It's amazing what you can hide behind a smile. In social media, we often see the highlight roles of others, but rarely behind the scenes. As a teenager, I tried to kill myself. I struggle with depression for as long as I can remember. Child abuse, bulimia, alcoholism, bullying, divorce and self-mutilation have weighed heavily on me and only aggravated my depression and anxiety. After having children, I had to deal with a postpartum depression that is rarely talked about. I do not think depression is really cured, but I think it's more of what you need every day. As a personal trainer, it's just as important to stay mentally healthy. But why are the media focused only on external fitness such as thin legs, abs and a flawless face? Should not we investigate what's going on in you? Last week, my depression was worse. I do not know why, but I did not feel so social. Instead, I just want to take a nap and not talk to anyone. I had to force myself to break away and seek support from my husband and friends, because it's never good to be alone. Instead of articles about how quickly you bounce back after a pregnancy, etc., I wish the media would make mental health viral and talk about it. It is not just any illness, as everyone does. I take antidepressants every day and have done the therapy. I am not so perfect and I have problems every day. But I also know that I'm not alone. Many of you ladies are probably fighting the same fight. Depression is ugly. But you can stand it and live your best life. There will be days when you feel less than others, but do not forget to get up, put on your armor, and keep fighting. Fitness helped a lot to overcome my depression! After a good workout, I feel much better immediately. I hope I can start doing yoga more soon to learn meditation and control negative thoughts. Anyway, I was not particularly active on the last day and wanted to tell you everything that I'm going through. I hope you have a good week!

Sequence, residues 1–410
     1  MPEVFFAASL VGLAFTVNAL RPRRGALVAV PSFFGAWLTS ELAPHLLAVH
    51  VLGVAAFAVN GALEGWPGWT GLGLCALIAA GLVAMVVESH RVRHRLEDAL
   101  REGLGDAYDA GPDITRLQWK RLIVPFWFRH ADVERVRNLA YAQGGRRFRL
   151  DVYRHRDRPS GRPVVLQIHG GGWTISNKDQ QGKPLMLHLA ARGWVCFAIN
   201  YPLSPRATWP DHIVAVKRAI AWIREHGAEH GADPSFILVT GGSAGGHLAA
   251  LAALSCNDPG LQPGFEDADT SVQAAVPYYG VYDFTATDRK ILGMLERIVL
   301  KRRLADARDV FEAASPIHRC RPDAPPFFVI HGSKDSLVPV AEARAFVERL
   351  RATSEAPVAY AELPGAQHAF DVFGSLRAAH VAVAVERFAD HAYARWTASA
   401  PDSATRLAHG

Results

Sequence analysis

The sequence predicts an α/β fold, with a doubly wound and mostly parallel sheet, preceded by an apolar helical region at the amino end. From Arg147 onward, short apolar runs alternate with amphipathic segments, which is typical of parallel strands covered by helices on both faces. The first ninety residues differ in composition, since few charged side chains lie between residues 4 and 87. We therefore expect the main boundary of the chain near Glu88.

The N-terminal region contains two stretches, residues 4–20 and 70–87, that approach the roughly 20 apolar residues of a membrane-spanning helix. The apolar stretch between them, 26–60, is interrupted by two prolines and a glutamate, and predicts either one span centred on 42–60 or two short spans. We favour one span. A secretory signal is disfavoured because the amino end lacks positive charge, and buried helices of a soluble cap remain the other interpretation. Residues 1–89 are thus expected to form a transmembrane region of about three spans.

Over time, I quickly learned that this was not the case. In the next few years I was divorced, remarried and became the mother of two children. I also became a nurse, a personal trainer, and started developing my blog, Diary of a Fit Mommy. As I continued to learn about health and wellness and what it really meant to appreciate your body, I felt that my implants were no longer consistent with my beliefs and what I was preaching to my followers and personal training clients. I was a completely different person than when I got my implants, and that starts to weigh heavily on me. (See: This woman wants you to know that losing weight can not make you magically happy.)